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Marriage As Discipline: How To Embrace The Work Part

Karl Pillemer, author of the book 30 Lessons for Loving, recently stopped by Huffington Post and shared some helpful advice that was given to him by elderly people he interviewed for the new book. Their advice covered living and loving, and on the topic of marriage, one thing became clear: approach it as a discipline.

Pillemer said that elders “viewed marriage as an unbreakable bond; they simply had to work within those parameters. That means, for example, you live through rough patches and don’t just try to get out of the relationship. You come to accommodations and acceptances of the other person. You see this unit as something that is bigger than two people and their immediate individual satisfaction.”

More from HuffPo:

“When they got married, they were making a commitment to the concept of marriage as a worthwhile institution, rather than the partnership based on immediate satisfaction of the individuals involved.

“I got from them the idea of marriage as a discipline — not a punishment kind of discipline but the way it’s used if you’re learning music or a martial art. Marriage is a lifelong path, one that you never perfect and that you continually work to get better at. You’re continually working to improve communication and overcome problems and establish more interest.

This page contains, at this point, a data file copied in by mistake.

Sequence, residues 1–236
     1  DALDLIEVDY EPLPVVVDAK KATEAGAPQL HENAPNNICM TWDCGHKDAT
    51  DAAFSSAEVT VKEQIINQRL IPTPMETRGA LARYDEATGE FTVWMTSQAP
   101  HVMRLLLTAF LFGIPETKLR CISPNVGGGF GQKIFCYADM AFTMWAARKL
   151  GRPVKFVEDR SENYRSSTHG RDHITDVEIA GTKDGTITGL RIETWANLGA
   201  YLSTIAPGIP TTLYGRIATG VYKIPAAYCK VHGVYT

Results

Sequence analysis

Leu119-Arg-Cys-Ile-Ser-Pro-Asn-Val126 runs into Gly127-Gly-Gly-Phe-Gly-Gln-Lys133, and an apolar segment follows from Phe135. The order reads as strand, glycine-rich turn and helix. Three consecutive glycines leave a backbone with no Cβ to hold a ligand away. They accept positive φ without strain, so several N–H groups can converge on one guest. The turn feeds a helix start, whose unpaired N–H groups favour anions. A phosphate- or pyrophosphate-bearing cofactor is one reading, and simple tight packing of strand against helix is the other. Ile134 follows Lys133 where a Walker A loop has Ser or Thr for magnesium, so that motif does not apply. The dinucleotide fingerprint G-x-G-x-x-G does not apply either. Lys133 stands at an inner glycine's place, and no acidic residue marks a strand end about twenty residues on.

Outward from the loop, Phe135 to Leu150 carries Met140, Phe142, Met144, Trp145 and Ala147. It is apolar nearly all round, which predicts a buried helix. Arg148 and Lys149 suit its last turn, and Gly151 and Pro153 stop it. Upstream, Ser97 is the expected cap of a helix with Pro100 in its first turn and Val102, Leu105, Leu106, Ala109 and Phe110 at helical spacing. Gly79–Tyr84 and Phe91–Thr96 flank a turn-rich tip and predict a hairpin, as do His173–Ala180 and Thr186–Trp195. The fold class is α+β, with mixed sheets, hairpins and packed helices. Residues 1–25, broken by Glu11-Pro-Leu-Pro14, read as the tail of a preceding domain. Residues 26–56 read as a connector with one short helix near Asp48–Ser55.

“This worldview — that once you were in marriage, you were in it for good — shaped people’s day-to-day experience and view of it. It’s one of the things which those who do articulate it recommend to younger people. They say, even if the reality is that you may not stay married, you ought to have this attitude, because it will make you work harder to get through difficult times. And there are such benefits to doing that that you ought to do it.”

As an online divorce review site, we know this isn’t an approach that everyone can, or even should, take because so much depends on the other party. But it is invaluable advice for anyone hoping to bridge the gap of differences that can exist in a ¬†marriage. It’s definitely worth considering the next time that you have issues in a relationship. But what do you think, readers? Are the elders right or is this advice an oversimplification?

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